This is a Guest Post by Colin Draper

Throughout history some of the world's most famous figures have been targets of assassination. Some are tragically successful (Martin Luther-King, John Lennon and JFK), while others live to fight another day, (Ronald Reagan, Abraham Lincoln and Mr Burns). But what if some of these had been successful? Here we look at three attempted assassinations that could have changed the world as we know it.
Of course we can never get a definitive answer to questions of 'What if?', but sometimes you can't help but speculate.

King James I (1605)

Portrait of James VI and 1, c. 1606, by John de Critz
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The Attempt:
The Gunpowder Plot is arguably the most famous assassination attempt in history, certainly in Britain. It involved a group of Catholics (including the now infamous Guy Fawkes) rolling barrels and barrels of gunpowder under the House of Lords, blowing up James I and Parliament in the process. Simple really.
The Gunpowder Plotters (detail) by Crispijn van de Passe
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If he had been killed:
Of course the plot failed, and the men were brutally executed. But historians love to speculate, and it is thought that if successful America might not exist as we know it today.
Consider this. Charles I is filled with vengeance and hatred after the Catholics brutally murder his protestant father. This causes a brutal backlash against Catholicism in England, which becomes so Protestant and 'pure' as a nation that the Pilgrim Fathers have no reason to set sail for America on-board the Mayflower. No Mayflower, means no Mayflower Compact which means America never develops into the unified state system we know today. It seems unlikely, but who knows!

Benito Mussolini (1926)

Hitler and Mussolini June 1940 (part of Eva Braun's collection)
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The Attempt:
1926 was an eventful year for Benito Mussolini, as he endured four separate assassination attempts over a seven month period. On the seventh of April his nose was “wounded slightly” when he was shot by a clinically insane 50 year old Irish woman. Later in the year he survived two more shootings from Italian anarchists, while a third (Michelle Schirru) was caught while planning an attack.
If he had been killed:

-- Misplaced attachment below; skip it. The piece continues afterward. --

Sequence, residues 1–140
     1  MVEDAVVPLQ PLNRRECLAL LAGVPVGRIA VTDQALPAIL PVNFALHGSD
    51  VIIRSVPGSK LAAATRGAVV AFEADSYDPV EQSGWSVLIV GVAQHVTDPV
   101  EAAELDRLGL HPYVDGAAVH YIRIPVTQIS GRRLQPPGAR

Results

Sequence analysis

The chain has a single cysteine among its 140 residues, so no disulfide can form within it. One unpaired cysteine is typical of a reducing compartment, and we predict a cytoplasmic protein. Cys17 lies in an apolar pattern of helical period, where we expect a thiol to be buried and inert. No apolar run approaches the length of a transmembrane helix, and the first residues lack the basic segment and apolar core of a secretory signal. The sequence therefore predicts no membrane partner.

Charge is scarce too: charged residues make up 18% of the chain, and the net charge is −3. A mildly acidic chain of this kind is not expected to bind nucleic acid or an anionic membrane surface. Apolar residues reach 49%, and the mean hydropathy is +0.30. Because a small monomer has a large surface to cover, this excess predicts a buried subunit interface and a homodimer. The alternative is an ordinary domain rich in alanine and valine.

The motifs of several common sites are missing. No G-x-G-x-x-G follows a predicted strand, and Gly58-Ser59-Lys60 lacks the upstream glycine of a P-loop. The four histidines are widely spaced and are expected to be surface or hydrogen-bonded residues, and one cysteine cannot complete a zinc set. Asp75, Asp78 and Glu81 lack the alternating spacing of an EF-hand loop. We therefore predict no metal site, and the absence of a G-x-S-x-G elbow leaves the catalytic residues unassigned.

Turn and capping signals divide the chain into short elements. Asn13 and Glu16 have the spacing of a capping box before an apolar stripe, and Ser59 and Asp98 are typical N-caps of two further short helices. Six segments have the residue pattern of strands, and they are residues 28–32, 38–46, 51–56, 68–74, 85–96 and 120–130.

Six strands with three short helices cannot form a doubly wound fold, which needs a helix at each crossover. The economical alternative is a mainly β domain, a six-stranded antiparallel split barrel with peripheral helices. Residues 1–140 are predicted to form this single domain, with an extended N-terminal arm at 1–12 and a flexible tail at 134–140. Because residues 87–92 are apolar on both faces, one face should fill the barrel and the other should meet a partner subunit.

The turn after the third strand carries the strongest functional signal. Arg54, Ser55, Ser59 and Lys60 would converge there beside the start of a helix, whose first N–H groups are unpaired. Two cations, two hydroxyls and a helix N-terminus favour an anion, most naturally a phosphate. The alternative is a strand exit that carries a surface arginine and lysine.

Mussolini was a cult figure, and the symbol of the Italian fascist movement. The Fascists hold on power in 1926 was far from secure and if they'd lost their charismatic leader and the driving force behind the movement then their power could have easily gone with him. Would this have prevented an Italian-German alliance in the Second World War? Could it have prevented war altogether?

Adolf Hitler (1944)

Image Source: Wikipedia

The Attempt:
Hitler had to endure 42 assassination attempts during his lifetime, but here we're going to focus on the most famous - the '20th July Plot' in 1944. This saw the German army officer Claus von Stauffenberg assemble a bomb in his briefcase, and placed it under a table at a military conference held by Hitler. He was protected from the blast by the leg of the table and survived to execute Von Stauffenberg and his co-conspirators.
If he had been killed:
It's true that by July 1944 Germany had essentially already lost the Second World War. British and American forces had entered occupied Europe, and the Red Army were advancing on the eastern front. But it's not inconceivable that the death of Hitler could have brought an immediate end to the war in Europe, shortening the war by ten months and saving millions of lives. It also would have changed the shape of the Cold War, probably in America's favour.

About Mandy Southgate

Mandy Southgate is an accountant living and working in London. She is passionate about world events such as genocide and apartheid and has a desire to understand how these events continue to occur in the modern world. With a focus on the 20th and 21st centuries, A Passion to Understand reflects her continuing research and reading on these topics.
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